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Prop 8 Plaintiffs File SCOTUS Brief Calling on Court to Recognize Marriage Equality for All: READ IT

Plaintiffs in the federal challenge to Proposition 8, Hollingsworth v. Perry, filed the one and only brief that they will file with the Supreme Court prior to hearings in late March.

Read the full brief, AFTER THE JUMP...

Olson-boiesSaid Plaintiffs’ attorneys, led by Ted Olson and David Boies, in the brief:

“Because of their sexual orientation—a characteristic with which they were born and which they cannot change—Plaintiffs and hundreds of thousands of gay men and lesbians in California and across the country are being excluded from one of life’s most precious relationships.  They may not marry the person they love, the person with whom they wish to partner in building a family and with whom they wish to share their future and their most intimate and private dreams...

...Although opening to them participation in the unique and immensely valuable institution of marriage will not diminish the value or status of marriage for heterosexuals, withholding it causes infinite and permanent stigma, pain, and isolation.  It denies gay men and lesbians their identity and their dignity; it labels their families as second-rate.  That outcome cannot be squared with the principle of equality and the unalienable right to liberty and the pursuit of happiness that is the bedrock promise of America from the Declaration of Independence to the Fourteenth Amendment, and the dream of all Americans.  This badge of inferiority, separateness, and inequality must be extinguished. When it is, America will be closer to fulfilling the aspirations of all its citizens.”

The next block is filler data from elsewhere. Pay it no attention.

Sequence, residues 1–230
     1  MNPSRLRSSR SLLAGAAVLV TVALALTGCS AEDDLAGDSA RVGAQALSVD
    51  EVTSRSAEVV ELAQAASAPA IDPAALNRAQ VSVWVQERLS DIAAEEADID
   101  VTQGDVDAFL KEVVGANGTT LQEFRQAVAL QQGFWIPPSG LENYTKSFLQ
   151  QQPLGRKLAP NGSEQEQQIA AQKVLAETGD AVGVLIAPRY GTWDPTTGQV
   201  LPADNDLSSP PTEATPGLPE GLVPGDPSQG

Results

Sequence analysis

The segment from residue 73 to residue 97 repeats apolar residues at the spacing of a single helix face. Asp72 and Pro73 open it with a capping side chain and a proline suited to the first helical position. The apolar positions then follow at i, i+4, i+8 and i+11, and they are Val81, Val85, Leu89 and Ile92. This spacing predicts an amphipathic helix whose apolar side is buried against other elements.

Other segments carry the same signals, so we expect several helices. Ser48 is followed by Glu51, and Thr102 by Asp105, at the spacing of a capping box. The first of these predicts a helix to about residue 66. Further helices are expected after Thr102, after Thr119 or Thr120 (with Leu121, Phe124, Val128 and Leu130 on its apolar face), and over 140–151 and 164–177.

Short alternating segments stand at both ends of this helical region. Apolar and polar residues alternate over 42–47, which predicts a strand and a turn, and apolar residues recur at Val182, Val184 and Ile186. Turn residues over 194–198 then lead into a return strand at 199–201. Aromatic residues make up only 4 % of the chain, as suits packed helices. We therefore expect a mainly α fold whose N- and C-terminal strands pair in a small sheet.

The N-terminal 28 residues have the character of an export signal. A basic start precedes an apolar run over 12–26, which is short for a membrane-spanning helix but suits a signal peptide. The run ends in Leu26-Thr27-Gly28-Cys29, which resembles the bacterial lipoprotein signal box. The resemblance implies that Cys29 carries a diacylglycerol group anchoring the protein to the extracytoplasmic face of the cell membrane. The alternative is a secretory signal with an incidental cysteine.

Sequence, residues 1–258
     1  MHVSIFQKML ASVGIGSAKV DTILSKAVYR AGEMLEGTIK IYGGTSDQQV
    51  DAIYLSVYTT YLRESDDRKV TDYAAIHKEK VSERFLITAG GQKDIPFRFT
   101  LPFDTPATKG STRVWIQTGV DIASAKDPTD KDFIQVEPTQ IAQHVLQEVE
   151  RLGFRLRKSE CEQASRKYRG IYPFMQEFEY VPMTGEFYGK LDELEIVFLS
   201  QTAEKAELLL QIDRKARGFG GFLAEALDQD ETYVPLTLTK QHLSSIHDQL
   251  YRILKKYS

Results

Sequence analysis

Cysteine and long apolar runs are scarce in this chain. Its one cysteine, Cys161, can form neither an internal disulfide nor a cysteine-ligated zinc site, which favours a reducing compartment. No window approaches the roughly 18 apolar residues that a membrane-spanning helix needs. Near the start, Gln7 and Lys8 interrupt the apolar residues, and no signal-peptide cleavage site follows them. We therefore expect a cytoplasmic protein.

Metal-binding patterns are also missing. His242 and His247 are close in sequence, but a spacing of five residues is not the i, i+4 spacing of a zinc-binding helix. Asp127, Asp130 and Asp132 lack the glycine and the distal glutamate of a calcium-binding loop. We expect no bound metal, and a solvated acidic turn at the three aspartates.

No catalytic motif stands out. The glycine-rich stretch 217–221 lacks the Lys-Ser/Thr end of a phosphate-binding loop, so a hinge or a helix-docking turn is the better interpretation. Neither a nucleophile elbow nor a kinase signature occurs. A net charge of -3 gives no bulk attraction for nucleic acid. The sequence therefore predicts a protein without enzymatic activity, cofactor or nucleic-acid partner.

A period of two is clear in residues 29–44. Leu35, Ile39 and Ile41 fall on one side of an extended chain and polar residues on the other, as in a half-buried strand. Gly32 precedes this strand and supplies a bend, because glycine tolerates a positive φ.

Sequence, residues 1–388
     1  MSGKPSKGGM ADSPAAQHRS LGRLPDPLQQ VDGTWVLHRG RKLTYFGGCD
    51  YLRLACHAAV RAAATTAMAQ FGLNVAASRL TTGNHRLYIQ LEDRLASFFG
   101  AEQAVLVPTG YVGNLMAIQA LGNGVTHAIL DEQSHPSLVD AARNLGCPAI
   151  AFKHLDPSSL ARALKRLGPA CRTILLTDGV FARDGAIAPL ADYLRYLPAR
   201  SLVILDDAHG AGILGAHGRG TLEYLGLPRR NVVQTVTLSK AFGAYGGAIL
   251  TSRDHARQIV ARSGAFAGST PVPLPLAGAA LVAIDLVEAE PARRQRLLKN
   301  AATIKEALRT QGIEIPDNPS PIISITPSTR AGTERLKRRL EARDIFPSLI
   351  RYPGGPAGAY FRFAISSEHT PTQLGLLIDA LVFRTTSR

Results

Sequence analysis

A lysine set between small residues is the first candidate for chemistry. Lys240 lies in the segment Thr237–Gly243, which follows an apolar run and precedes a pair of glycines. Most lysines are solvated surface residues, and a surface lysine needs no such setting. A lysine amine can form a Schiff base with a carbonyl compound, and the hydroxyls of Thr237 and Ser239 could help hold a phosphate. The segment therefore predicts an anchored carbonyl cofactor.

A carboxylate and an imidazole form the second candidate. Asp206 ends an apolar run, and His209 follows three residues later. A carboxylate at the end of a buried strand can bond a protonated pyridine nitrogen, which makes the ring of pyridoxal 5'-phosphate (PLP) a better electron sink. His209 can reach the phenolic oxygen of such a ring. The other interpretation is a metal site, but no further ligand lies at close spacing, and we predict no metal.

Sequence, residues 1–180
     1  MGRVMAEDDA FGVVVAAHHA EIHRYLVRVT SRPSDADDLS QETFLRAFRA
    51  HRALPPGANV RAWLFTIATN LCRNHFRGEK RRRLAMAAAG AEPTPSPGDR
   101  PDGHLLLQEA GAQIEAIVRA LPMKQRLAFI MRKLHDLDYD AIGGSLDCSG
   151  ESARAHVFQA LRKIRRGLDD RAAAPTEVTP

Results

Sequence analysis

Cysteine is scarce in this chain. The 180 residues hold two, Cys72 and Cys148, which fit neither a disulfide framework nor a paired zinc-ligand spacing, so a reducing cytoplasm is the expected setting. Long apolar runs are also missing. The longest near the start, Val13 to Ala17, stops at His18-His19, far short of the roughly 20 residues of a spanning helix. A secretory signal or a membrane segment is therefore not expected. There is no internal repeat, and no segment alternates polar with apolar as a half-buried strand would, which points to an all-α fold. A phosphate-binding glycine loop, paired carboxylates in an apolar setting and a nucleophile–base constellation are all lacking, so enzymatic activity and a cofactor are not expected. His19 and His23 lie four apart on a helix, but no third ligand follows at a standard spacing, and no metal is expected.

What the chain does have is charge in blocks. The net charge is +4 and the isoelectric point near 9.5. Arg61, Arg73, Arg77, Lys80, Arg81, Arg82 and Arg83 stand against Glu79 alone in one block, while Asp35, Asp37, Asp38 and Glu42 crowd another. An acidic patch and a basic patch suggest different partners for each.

Added Plaintiffs’ counsel Theodore J. Boutrous, Jr. in a press release:

"This case is about marriage and equality.  The Plaintiffs we represent are two loving couples who, like millions of other gay and lesbian Americans, are being denied the right to marry and the right to be treated with equal dignity and respect under the law, principles that are deeply rooted in our constitutional tradition. The brief that we have filed today demonstrates that Proposition 8 and laws like it are irrational and discriminatory."